It is this mythology that Victor Halperin’s film, White Zombie (1932), attempts to exploit. White Zombie is widely accepted as the first zombie movie, although modern theater-goers would have a difficult time reconciling the zombies in that movie with those found in Shaun of the Dead (2004) or Zombieland (2009).

I recently watched the movie on Amazon for free. The version I watched was in bad shape. Amazon has better versions that you can pay for. I’d have to take your word for it, if it is better. I would suspect that they are better, because they couldn’t get much worse than the original film stock.

I saw it in black and white. The film was over-exposed because the light spots were glaring. In certain spots the film skipped frames. The sound was almost unintelligible in places, which is worsened because I’m conditioned to read subtitles, and no subtitles. It has Bela Lugosi with his intense glare, but also with his thick Hungarian accent.

The cinematography leaves a lot to be desired, but this is 1932 film-making. This is only a few years from the era of silent film. You have to appreciate it for what it is, and it’s only 68 minutes long.

Madeleine and Neil reunite in Haiti with the intention of getting married, but Charles Beaumont, a wealthy landowner and Madeleine’s friend invites her to marry at his plantation. He is secretly in love with her, and intends to convince her to marry him not Neil. When they arrive, they are escorted to separate rooms.

While they sleep Beaumont goes to visit Murder Legendre, (Bela Lugosi) an evil voodoo master with a sugar cane mill exclusively operated by zombified slaves. Beaumont enlists Murder’s assistance which he gives by providing a concoction that Madeleine must ingest to be turned into a zombie.

After Neil and Madeleine marry, she “dies.” She is interred in a tomb, but later that night is exhumed by Murder, his zombie slaves, and Beaumont. Neil has been off by himself drinking himself into a stupor, when he sees visions of his beloved Madeleine. He hurries to the tomb only to find it vacant.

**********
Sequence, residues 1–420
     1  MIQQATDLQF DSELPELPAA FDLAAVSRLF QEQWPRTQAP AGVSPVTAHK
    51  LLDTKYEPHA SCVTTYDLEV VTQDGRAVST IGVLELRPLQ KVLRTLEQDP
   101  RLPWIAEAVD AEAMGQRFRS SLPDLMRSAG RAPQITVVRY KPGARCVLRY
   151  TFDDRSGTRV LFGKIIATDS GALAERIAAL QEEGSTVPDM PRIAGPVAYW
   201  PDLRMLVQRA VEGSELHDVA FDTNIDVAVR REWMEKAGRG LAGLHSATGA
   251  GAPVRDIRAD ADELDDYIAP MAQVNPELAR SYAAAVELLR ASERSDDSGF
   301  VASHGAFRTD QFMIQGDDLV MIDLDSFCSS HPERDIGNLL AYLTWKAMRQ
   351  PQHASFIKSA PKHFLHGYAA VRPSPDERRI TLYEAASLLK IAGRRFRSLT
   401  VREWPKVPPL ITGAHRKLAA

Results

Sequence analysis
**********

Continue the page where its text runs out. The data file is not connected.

He hurries to talk to the local missionary that married him and Madeleine. Dr. Bruner tells Neil about Murder and how he turns his rivals into slaves. This might be what has happened to Madeleine, he suggests. They go off to Murder’s cliffside castle. (Wait! Castle? Does Haiti have castles?)

At the castle Beaumont is having second thoughts. He is feeling guilty about Madeleine’s transformation. However, Murder has foreseen this change of heart, and has already begun the process of transforming Beaumont into a zombie slave.

This is where the climax begins and I don’t want to spoil it for you. Suffice it to say that this is a good movie for its time. Lugosi is at his most evil. The story is interesting and horrific at times. There’s a scene at the mill where a zombie slave falls into the works and no one bats an eyelash because they are all zombies. It’s just a perfunctory business.

I’m going to end this first part right here. White Zombie is a middle of the road recommendation. You’ve already heard the negatives. It’s all about the quality, but I feel that those negatives have been rectified. I heard Blumhouse has taken a crack at restoring the film. That I most definitely want to see.

Again, this is Bela Lugosi in his second best role. He is maniacal and devious. The type of baddy we all love to hate.

Stay tuned until next time, where I’ll take us to Night of the Living Dead.

See you later! Take it easy! Peace!